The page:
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Nucleic Acids Res. 2014 Jan;42(1):e3. doi: 10.1093/nar/gkt878. Epub 2013 Oct 1.

The dynamics of genome replication using deep sequencing.

Author information

1
School of Life Sciences, The University of Nottingham, Queen's Medical Centre, Nottingham NG7 2UH, UK, Deep Seq, The University of Nottingham, Queen's Medical Centre, Nottingham NG7 2UH, UK, Research Center for Epigenetic Disease, Institute of Molecular and Cellular Biosciences, The University of Tokyo, Tokyo, 113-0032, Japan and Institute for Complex Systems and Mathematical Biology, The University of Aberdeen, Aberdeen, AB24 3UE UK.

Abstract

Eukaryotic genomes are replicated from multiple DNA replication origins. We present complementary deep sequencing approaches to measure origin location and activity in Saccharomyces cerevisiae. Measuring the increase in DNA copy number during a synchronous S-phase allowed the precise determination of genome replication. To map origin locations, replication forks were stalled close to their initiation sites; therefore, copy number enrichment was limited to origins. Replication timing profiles were generated from asynchronous cultures using fluorescence-activated cell sorting. Applying this technique we show that the replication profiles of haploid and diploid cells are indistinguishable, indicating that both cell types use the same cohort of origins with the same activities. Finally, increasing sequencing depth allowed the direct measure of replication dynamics from an exponentially growing culture. This is the first time this approach, called marker frequency analysis, has been successfully applied to a eukaryote. These data provide a high-resolution resource and methodological framework for studying genome biology.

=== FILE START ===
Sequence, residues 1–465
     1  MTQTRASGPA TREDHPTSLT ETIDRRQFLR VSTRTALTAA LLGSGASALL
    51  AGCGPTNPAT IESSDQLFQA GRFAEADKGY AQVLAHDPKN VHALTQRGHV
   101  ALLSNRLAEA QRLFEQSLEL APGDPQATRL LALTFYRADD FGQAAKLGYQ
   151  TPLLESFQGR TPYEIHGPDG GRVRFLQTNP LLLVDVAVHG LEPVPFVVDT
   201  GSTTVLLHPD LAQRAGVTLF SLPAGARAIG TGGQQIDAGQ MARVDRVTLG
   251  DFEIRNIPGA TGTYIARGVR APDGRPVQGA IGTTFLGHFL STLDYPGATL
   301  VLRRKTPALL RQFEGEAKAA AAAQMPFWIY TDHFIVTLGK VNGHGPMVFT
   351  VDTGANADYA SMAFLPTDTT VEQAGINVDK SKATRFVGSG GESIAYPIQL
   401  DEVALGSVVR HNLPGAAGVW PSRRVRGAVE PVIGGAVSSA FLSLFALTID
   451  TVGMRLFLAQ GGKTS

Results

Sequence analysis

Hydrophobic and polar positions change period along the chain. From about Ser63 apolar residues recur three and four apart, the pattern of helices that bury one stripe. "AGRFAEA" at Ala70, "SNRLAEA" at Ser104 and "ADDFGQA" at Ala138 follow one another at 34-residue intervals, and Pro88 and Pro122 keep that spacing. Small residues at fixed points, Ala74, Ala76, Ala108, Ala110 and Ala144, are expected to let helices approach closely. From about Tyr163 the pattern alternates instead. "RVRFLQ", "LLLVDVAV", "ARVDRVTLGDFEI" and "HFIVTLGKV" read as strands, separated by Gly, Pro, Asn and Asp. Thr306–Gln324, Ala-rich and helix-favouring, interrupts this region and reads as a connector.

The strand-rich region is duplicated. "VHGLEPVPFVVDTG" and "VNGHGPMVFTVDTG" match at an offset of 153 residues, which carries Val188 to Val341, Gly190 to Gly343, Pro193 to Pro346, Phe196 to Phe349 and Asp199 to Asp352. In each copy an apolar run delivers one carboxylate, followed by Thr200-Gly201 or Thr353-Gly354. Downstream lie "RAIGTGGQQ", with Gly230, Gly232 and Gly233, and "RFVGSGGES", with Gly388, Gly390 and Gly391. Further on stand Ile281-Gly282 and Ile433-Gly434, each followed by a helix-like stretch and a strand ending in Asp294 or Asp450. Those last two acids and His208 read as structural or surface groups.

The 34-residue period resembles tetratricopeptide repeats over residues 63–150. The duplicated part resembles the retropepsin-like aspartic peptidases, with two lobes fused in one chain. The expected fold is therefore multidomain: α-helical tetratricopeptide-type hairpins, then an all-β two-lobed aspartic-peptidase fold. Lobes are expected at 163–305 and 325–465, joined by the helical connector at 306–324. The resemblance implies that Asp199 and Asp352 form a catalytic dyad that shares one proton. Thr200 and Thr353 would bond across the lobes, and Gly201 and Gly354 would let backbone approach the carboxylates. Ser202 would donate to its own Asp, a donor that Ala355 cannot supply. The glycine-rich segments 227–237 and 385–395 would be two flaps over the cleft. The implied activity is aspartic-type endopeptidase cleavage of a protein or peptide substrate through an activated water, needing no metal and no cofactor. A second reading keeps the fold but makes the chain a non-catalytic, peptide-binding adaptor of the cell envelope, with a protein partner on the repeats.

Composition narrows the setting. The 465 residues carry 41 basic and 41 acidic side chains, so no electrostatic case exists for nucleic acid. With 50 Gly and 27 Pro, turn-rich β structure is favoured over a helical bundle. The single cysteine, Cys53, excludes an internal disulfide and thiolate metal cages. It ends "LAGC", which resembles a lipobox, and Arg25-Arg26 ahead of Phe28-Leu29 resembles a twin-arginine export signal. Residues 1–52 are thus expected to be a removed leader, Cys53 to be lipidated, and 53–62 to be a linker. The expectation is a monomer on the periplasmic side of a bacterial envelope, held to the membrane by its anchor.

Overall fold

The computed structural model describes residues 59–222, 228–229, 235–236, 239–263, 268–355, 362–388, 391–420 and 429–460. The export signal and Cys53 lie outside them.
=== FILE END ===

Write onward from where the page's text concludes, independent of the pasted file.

PMID:
24089142
PMCID:
PMC3874191
DOI:
10.1093/nar/gkt878
[Indexed for MEDLINE]
Free PMC Article
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